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Refining patterns of melt with forward stratigraphic models of stable Pleistocene coastlines
Boyden, P.; Stocchi, P.; Rovere, A. (2023). Refining patterns of melt with forward stratigraphic models of stable Pleistocene coastlines. Earth Surface Dynamics 11(5): 917-931.
In: Earth Surface Dynamics. COPERNICUS GESELLSCHAFT MBH: Gottingen. ISSN 2196-6311; e-ISSN 2196-632X, meer
Peer reviewed article  

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  • Boyden, P.
  • Stocchi, P., meer
  • Rovere, A.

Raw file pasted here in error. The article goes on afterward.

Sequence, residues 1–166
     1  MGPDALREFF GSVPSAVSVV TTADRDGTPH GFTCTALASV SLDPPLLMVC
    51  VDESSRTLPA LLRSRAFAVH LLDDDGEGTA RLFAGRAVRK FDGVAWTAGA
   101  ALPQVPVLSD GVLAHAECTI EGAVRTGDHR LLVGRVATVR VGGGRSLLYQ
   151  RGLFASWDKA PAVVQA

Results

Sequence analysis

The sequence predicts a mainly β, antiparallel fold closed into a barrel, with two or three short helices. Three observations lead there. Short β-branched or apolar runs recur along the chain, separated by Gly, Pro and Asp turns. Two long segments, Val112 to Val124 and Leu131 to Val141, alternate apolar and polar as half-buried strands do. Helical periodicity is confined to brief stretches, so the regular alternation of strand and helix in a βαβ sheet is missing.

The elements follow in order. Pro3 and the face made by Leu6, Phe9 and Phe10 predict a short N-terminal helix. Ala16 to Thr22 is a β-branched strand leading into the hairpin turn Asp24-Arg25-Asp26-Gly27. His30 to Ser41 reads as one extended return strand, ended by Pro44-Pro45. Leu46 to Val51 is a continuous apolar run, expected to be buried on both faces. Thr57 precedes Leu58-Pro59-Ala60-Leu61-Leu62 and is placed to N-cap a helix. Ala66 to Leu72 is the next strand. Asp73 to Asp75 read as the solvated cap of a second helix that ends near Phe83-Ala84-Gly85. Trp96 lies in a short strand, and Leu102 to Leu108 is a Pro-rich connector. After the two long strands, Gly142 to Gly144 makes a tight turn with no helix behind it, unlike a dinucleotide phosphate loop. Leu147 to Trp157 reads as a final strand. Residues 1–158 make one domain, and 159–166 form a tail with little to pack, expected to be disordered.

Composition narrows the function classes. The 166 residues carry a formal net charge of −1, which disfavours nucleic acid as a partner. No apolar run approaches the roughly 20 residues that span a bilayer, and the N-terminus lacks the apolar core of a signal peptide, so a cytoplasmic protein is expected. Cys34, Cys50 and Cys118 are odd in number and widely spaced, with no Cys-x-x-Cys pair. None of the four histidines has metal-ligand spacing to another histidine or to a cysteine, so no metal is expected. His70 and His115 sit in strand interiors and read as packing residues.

The warmest peak of the Last Interglacial (ca. 128–116 ka) is considered a process analogue and is often studied to better understand the effects of a future warmer climate on the Earth's system. In particular, significant efforts have been made to better constrain ice sheet contributions to the peak Last Interglacial sea level through field observation of paleo relative sea level indicators. Along tropical coastal margins, these observations are predominantly based on fossil shallow coral reef sequences, which also provide the possibility of gathering reliable U-series chronological constraints. However, the preservation of many Pleistocene reef sequences is often limited to a series of discrete relative sea level positions within the interglacial, where corals suitable for dating were preserved. This, in turn, limits our ability to understand the continuous evolution of paleo relative sea level through an entire interglacial, also affecting the possibility of unraveling the existence and pattern of sub-stadial sea level oscillations. While the interpretation of lithostratigraphic and geomorphologic properties is often used to overcome this hurdle, geological interpretation may present issues related to subjectivity when dealing with missing facies or incomplete sequences. In this study, we try to step back from a conventional approach, generating a spectrum of synthetic Quaternary subtropical fringing reefs for a site in southwestern Madagascar (Indian Ocean). We use the Dionisos forward stratigraphic model (from Beicip-Franlab) to build a fossil reef at this location. In each model run, we use distinct Greenland and Antarctica ice sheet melt scenarios produced by a coupled ANICE–SELEN glacial isostatic adjustment model. The resulting synthetic reef sequences are then used test these melt scenarios against the stratigraphic record. We propose that this sort of stratigraphic modeling may provide further quantitative control when interpreting Last Interglacial reef sequences.

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